Business leaders warn they will fight against moves to raise corporate taxes, tighten regulations and double federal minimum wage under the Biden administration – while signaling strong support for the new president’s plans to tame the pandemic and stimulate the US economy.
Business associations and individual leaders publicly asserted the legitimacy of Mr. Biden’s election, withdrew campaign contributions from Republicans who challenged his victory, and gave parts of his platform a warmer reception than the Democrats were receiving. regulars in the business world.
They also welcomed a number of policy reversal proposals, including returning to the Paris climate agreement and reintegrating into the World Health Organization and creating a path to citizenship for 11 million. undocumented immigrants.
These were “a very promising start for a new federal administration,” the New York City Partnership said Tuesday.
“The CEOs of Commercial round table be ready to be constructive partners ”to the new administration, said Doug McMillon, general manager of Walmart who chairs the big business lobby.
The American Chamber of Commerce, who has traditionally supported many more Republicans than Democrats, adopted a similar tone last week when chief executive Tom Donohue said he would “look for many ways to make the Biden administration successful.”
But Mr Donohue covered his comment by adding that members of the corporate group would not “give the store away from the start.”
The midst of a fragile pandemic recovery was “exactly the wrong time to further test the resilience of businesses by raising taxes or filling up with new regulations that do more harm than good,” he warned, saying that the chamber would use all the tools at its disposal to avoid “regulatory overruns”.
Raising corporate taxes would be “a really backward step,” BRT chief executive Josh Bolten said on Tuesday, even as he voiced the group’s support for Biden’s plans to speed up vaccinations, support health workers. small businesses and pursue policy priorities ranging from infrastructure investments to tariff revision. America’s allies.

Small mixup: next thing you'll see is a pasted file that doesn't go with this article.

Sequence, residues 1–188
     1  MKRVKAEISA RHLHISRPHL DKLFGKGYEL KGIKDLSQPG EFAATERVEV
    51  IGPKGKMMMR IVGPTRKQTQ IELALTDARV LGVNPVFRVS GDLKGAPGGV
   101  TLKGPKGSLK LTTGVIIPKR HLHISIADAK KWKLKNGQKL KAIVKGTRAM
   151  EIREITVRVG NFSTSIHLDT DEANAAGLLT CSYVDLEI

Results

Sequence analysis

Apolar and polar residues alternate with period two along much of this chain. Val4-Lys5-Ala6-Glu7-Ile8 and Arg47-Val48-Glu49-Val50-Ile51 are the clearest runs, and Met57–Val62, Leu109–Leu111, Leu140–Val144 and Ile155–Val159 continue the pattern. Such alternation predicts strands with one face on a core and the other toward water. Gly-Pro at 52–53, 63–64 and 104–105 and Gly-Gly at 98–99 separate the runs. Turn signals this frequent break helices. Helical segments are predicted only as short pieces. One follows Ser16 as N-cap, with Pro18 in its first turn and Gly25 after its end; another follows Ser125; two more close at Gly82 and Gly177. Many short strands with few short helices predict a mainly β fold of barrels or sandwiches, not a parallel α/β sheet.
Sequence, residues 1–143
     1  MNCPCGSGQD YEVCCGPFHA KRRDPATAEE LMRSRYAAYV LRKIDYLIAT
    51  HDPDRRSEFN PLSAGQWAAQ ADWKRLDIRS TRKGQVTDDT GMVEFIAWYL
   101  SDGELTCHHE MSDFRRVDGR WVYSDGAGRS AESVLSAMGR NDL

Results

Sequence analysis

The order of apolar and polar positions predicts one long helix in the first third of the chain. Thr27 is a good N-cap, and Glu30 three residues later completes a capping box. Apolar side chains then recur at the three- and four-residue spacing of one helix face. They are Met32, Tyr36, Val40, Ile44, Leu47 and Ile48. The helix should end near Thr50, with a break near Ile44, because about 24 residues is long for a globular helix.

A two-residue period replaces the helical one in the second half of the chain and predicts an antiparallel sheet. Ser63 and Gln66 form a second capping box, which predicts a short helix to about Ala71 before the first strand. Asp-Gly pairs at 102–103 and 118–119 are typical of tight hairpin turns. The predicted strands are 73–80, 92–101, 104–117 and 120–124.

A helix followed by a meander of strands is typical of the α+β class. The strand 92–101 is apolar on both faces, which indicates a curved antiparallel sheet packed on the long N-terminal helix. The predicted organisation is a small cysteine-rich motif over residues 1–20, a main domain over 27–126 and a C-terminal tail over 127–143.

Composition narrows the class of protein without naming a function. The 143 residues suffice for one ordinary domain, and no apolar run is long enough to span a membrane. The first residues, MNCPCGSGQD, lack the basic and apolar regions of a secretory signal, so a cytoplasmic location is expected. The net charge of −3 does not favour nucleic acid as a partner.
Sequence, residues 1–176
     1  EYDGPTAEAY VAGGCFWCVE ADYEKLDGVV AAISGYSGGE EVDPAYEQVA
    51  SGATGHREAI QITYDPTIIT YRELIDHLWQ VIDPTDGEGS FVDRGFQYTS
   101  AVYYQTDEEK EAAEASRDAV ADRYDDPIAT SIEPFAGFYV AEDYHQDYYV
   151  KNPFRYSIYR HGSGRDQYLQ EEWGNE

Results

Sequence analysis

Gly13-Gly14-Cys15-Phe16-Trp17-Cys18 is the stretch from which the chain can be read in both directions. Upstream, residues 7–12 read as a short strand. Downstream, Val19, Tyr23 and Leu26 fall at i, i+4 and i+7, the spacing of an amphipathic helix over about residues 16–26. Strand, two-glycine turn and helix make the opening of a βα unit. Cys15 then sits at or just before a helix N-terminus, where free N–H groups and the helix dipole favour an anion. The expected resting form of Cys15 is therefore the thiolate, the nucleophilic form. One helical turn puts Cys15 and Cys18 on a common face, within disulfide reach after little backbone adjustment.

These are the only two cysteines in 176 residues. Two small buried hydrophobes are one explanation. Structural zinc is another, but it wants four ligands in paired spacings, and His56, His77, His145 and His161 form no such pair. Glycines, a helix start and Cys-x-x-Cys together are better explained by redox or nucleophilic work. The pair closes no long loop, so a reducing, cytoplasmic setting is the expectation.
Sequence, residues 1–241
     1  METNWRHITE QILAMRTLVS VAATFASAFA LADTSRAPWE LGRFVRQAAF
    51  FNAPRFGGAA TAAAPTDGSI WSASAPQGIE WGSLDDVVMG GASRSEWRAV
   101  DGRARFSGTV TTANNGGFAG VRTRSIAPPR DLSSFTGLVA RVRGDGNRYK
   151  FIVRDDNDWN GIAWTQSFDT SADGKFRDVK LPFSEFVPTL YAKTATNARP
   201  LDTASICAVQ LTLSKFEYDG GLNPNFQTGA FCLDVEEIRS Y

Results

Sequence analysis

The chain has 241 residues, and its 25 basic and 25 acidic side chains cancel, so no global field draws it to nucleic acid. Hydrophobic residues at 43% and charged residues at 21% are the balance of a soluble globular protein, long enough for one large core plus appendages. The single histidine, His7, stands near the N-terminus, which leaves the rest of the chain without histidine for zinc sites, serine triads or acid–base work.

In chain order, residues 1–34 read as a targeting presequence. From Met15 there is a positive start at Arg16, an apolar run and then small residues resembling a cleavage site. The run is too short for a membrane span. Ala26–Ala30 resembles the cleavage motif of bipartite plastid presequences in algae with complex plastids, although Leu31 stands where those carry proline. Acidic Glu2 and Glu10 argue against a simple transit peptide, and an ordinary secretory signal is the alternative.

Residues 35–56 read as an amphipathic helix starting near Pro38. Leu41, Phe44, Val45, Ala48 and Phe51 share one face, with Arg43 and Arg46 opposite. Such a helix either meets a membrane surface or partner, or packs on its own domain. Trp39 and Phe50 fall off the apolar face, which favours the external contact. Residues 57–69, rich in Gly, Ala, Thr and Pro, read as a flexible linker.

Their comments were both a reaffirmation of long-held positions on taxation and regulation and a signal that Mr Biden is likely to find that corporate support is limited, especially when it comes to funding his plans. of expenses.
It could also leave the new president struggling to satisfy a liberal wing of his party that is determined to see corporate tax increases, tighter regulations on energy, financial and tech companies, and a pay rise. federal minimum of $ 7.25 per hour to $ 15.
McMillon said BRT members favored raising the minimum wage in a “thoughtful” way that took into account geographic differences and the needs of small businesses. Neil Bradley, the chamber’s policy director, said he saw “nothing sane at $ 15,” arguing that such a rate would cost jobs and hurt the economy.
Democrats’ plans to stimulate the economy with iinvestment in infrastructure programs ranging from building bridges to upgrading broadband networks have found broad support among business leaders, who have expressed hope that such steps could push through a Congress almost equally divided.
“Even in a 50-50 Senate and a House divided by 5 votes, it can be done – and it could create some goodwill for bipartisan progress on other priorities,” Donohue said last week. But he argued that new infrastructure investments should be paid in part by the people who use them, rather than through higher corporate taxes.
Leaders have shown strong support for Biden’s proposed immigration reforms, retraining programs for unemployed Americans, and much of the new administration’s climate agenda.
Tuesday, the room announced a change in its climate policy to support market-based approaches to reduce greenhouse gas emissions, without endorsing any specific carbon pricing proposals. “I think this is one of the areas where there will be a lot of alignment with the new administration and the business world,” Mr. McMillon said.
With little room for maneuver in Congress, Biden can take comfort in a growing consensus among corporate donors that corporations need to give more weight to politicians who are willing to work across the aisle.
Responding to the attack on Capitol Hill that interrupted a vote to certify Mr Biden’s electoral victory, Mr Bradley said last week that the chamber would be methodical both in restraining politicians who had ‘lost’ its support by their actions and reward those who had “Stood up under very trying and difficult circumstances”.
Mr. McMillon supported this suggestion on Tuesday. Asked how companies could push for more bipartisan policy making in a divided Congress that has been marked for years by partisan divide, the Walmart chief said, “Reward the centrists.”